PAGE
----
What is a Plastic Surgeon?
There is a lot of misinformation on the internet about plastic surgery. This should come as no surprise to anyone who spends any time on google. Most of us have learned to filter what we read online by source, naturally giving more credibility to sources we recognize and trust.
In the plastic surgery world, it can sometimes be difficult to recognize a credible source, with every other doctor and para-professional claiming to be an expert on cosmetics and aging. So how should a patient go about researching plastic surgery while maintaining confidence that the information they are receiving is accurate and trustworthy? Let me offer a few insider tips about what makes a plastic surgeon…
1. There is no such thing as a “cosmetic surgeon.” Anyone with a medical degree can call themselves a cosmetic surgeon without any formal training. This sounds crazy and counterintuitive, but any “board certification” in cosmetic surgery is not real board certification- it is either a weekend course, or in many cases, simply a fee-based organization that allows you to pay your way to a title you didn’t earn. In my opinion, this is very clearly a deceptive practice, but unfortunately, there is virtually no regulation of these pseudo-boards in the United States.
2. There is only one AMERICAN BOARD OF PLASTIC SURGERY. The requirements for board certification in plastic surgery are extremely rigorous. There are only 6300 practicing plastic surgeons in the United States who are board certified in plastic surgery. If you want to know if your surgeon is on the list, here is the link for the American Board of Plastic Surgery. There is an application called “Is your Surgeon Certified” that allows you to enter your surgeons name and get an instant answer to this question.
In order to qualify to be on this list, a real plastic surgeon must meet the following criteria.
-A minimum of 6 years of post-medical school surgical training
-Passage of a written board exam that tests general knowledge of plastic surgery, as well as specific knowledge of cosmetic surgery, hand surgery, and craniofacial surgery.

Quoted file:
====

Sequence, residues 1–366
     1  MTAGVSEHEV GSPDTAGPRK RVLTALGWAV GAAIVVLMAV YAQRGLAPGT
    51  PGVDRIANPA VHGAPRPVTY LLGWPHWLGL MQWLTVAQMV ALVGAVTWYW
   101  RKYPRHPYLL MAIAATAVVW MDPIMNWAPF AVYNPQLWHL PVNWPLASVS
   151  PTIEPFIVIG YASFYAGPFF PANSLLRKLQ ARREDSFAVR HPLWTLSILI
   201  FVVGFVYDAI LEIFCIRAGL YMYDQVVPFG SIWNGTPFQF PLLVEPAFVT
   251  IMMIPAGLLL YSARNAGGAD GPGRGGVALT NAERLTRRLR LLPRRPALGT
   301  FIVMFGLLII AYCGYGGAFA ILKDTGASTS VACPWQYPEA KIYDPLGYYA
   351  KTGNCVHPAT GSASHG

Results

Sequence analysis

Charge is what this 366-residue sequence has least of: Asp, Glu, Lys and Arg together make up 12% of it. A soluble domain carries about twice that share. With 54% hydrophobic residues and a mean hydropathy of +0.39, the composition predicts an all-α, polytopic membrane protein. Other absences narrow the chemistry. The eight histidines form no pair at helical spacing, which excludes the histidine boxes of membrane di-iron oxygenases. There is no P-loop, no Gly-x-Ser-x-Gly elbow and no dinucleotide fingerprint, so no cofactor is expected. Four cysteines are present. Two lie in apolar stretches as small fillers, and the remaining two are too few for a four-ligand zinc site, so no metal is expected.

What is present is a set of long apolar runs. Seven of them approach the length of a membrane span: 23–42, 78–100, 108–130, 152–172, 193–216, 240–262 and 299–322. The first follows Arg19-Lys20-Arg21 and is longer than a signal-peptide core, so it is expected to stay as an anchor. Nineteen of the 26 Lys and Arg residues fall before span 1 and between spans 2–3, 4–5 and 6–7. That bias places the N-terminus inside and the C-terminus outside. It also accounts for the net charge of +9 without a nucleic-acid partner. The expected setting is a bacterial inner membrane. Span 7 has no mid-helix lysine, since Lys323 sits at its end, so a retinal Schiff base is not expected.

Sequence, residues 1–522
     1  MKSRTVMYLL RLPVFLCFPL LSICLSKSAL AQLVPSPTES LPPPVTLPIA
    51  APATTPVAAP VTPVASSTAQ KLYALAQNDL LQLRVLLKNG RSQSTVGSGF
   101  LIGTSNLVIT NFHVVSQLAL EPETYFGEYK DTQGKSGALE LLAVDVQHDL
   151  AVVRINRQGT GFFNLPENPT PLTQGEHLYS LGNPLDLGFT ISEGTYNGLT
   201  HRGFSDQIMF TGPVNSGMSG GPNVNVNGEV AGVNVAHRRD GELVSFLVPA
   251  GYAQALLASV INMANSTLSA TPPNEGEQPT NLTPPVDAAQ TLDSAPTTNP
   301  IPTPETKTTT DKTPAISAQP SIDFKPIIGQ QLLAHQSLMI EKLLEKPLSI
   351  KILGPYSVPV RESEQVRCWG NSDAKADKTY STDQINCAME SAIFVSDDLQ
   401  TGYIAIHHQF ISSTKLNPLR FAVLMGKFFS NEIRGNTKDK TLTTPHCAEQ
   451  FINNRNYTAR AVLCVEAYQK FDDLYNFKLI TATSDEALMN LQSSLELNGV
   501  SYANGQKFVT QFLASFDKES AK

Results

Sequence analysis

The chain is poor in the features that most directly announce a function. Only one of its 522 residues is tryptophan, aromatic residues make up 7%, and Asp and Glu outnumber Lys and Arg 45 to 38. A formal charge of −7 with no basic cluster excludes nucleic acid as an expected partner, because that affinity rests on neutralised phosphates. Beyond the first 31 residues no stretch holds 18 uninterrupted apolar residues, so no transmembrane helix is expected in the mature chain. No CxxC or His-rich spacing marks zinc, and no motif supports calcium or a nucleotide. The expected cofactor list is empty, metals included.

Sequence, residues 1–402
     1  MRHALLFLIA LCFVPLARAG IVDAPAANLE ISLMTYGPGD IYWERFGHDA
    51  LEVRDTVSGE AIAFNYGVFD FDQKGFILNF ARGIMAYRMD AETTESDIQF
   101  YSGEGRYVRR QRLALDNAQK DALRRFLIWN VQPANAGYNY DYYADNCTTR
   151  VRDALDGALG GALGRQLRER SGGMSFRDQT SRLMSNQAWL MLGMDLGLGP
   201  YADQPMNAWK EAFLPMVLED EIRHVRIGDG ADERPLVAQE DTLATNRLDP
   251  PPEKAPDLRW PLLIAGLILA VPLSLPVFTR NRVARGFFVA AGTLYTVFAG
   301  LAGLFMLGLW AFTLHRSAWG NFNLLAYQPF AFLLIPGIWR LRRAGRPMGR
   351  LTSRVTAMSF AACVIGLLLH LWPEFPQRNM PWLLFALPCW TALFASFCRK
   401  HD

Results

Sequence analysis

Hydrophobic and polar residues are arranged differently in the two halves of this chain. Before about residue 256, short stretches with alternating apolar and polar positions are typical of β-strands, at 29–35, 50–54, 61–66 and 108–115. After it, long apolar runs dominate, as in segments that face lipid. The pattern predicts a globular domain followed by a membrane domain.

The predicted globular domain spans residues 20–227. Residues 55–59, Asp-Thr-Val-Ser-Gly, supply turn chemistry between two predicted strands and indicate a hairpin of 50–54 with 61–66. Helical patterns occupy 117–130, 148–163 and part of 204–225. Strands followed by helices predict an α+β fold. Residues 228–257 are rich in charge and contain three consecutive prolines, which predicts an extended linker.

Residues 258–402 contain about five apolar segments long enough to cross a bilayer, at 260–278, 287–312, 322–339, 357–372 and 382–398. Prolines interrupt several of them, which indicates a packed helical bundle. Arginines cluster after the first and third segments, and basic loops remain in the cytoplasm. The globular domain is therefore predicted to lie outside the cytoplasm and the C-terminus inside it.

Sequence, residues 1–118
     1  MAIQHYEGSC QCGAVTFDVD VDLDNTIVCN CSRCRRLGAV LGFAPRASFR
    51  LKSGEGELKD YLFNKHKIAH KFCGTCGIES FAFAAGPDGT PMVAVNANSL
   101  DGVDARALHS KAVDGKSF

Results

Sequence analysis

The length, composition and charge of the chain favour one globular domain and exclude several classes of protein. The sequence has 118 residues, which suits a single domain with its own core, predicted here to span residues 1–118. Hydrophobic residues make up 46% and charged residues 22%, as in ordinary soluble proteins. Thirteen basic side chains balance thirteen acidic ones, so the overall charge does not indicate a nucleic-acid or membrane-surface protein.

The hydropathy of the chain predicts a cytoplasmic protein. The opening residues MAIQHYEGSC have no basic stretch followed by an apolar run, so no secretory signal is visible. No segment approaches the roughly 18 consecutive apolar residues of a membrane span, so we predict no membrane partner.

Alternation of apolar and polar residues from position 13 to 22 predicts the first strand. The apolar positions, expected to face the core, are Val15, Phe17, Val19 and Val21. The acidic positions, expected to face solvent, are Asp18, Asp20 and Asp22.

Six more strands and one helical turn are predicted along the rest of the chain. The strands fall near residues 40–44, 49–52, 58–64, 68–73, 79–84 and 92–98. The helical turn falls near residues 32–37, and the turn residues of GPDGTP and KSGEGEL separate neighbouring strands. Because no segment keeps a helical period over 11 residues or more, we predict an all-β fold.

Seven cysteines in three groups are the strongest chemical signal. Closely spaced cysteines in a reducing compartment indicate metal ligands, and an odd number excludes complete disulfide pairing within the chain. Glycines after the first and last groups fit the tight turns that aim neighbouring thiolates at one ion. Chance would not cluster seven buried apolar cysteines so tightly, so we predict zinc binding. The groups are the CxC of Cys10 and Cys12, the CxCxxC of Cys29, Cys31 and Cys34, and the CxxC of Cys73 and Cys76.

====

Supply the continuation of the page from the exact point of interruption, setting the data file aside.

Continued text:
-Passage of an oral board exam that requires the surgeon to keep meticulous records of every single patient that surgeon cares for over a period of 9 months. Those records are then submitted to the board and reviewed. 5 cases are selected, and the candidate surgeon is required to submit complete medical records on those 5 cases, including before/after photographs and all billing records. The records are carefully reviewed by the board, and the surgeon is then given an oral examination on those 5 cases, as well as a series of unknown cases, to prove to the board that s/he is a safe, ethical surgeon.
Board certification in plastic surgery is an arduous process that takes nearly a decade to complete. When you are selecting a plastic surgeon, there is no more important criteria than board certification in plastic surgery by the American Board of Plastic Surgery.
3. Many doctors who call themselves “plastic surgeons” have no formal training in plastic surgery. As outlined above, it takes many years of specialized training a series of grueling exams to become an actual plastic surgeon. Unfortunately, some practitioners who are trained in completely unrelated fields see plastic surgery as a way to make a quick buck. Instead of putting the time in to become truly proficient, they simply change their marketing strategy and offer procedures to patients in which they have no training. Your plastic surgeon should be trained in plastic surgery, not in obstetrics, internal medicine, anesthesia, or anything else. After all, would you let your plastic surgeon deliver your baby? I didn’t think so!
I hope this post helps to illuminate what you should look for in credible sources about plastic surgery. Now, back to your googling!